10. TP has given us some details about two introductory assaults which were to have occurred approximately one year after he moved in with his father and about a final assault which was to have occurred at the time AP moved into the house in the autumn of 2005. TP submitted this information 16 February 2009. He had before this on several occasions in investigations denied there'd been any assaults. He's explained now that he was ashamed and didn't think he'd be taken seriously. His narrative of the assaults manifests itself as obviously lacking in detail in comparison with his narratives about other situations. Generally his narrative is sparse and wobbly.
11. Witness KH has reported that in the autumn of 2006 TP suggested he may have been sexually assaulted and witness SO has reported that in 2008 TP corroborated the sexual assaults. They've both claimed they're convinced TP was sexually assaulted. Their statements have however been short and imprecise. Their testimony does not give any clear support for the information TP submitted to the court.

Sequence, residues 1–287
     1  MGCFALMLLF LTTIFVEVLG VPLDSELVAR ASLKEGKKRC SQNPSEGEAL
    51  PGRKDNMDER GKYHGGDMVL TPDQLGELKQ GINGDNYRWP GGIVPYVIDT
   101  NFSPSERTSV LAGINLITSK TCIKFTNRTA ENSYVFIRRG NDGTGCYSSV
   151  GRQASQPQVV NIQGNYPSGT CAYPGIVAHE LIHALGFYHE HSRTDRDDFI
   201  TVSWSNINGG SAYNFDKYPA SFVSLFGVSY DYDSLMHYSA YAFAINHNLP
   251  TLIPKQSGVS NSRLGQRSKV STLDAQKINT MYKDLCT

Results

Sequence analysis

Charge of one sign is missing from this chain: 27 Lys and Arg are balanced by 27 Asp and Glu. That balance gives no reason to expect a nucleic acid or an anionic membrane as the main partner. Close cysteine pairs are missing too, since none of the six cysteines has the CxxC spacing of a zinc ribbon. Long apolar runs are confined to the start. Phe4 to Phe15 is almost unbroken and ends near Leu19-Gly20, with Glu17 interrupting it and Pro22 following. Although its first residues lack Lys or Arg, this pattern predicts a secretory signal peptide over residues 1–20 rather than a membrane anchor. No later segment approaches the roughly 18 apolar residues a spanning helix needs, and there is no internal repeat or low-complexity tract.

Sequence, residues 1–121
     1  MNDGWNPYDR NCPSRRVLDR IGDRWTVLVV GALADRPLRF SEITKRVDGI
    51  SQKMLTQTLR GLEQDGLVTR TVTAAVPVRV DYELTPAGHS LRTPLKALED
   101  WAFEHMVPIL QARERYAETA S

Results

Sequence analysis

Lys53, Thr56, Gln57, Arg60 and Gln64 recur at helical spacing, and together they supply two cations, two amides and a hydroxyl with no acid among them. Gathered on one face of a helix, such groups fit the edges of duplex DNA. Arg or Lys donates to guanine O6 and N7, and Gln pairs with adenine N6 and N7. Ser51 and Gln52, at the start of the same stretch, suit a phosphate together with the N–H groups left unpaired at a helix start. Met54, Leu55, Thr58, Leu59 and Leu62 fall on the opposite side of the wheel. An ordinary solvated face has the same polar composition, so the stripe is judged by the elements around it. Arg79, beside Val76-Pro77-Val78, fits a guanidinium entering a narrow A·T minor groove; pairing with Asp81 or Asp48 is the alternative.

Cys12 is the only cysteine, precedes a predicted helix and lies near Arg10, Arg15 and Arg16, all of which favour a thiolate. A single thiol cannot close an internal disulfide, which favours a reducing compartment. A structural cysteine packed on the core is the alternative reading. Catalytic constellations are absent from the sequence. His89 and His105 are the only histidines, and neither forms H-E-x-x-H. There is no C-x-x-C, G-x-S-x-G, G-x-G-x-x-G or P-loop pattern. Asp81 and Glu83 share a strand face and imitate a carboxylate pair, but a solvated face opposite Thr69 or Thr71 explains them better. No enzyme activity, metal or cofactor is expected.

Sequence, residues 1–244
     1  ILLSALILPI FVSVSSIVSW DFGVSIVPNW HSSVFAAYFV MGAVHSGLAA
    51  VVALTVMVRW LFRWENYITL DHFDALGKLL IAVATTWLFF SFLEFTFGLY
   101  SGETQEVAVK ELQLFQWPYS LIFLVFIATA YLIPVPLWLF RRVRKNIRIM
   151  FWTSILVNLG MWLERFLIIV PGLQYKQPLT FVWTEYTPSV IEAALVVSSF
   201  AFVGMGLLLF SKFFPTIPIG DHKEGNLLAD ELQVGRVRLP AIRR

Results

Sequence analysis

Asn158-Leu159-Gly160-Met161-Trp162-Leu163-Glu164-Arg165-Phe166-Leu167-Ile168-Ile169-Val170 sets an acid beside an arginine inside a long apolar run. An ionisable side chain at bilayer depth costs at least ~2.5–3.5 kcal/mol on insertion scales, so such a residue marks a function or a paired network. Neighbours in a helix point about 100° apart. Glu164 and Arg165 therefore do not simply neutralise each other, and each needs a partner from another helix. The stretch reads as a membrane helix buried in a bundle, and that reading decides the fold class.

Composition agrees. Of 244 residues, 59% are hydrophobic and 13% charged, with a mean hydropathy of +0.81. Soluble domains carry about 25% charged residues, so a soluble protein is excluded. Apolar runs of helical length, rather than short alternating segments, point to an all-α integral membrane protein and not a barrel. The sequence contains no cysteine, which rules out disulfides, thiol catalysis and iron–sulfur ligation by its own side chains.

12. The remaining evidence the prosecutor cited lacks any real connection to the alleged acts and mainly concerns the person of SP and his behaviour prior to the time of the alleged acts. The information that's been submitted in that matter can possibly be of significance as general background when evaluating evidence but itself lacks tangible value as evidence in connection with the accusations in the case.
13. The evidence cited for the indictment is not sufficient as the basis of a conviction. Given this situation, there is no reason to further discuss the evidence SP cited for dismissal. The charges are dismissed, as is TP's claim for damages.
14. SP has requested compensation for PH's work in the Supreme Court before being appointed public defender with SEK 259,686 for 229 hours work. At that point, the case was primarily about permission to submit to the court. Considering the nature and extent of the case, it is deemed motivated that PH performed considerable work in this regard. SP however is regarded to have been reasonably compensated for 50 hours work.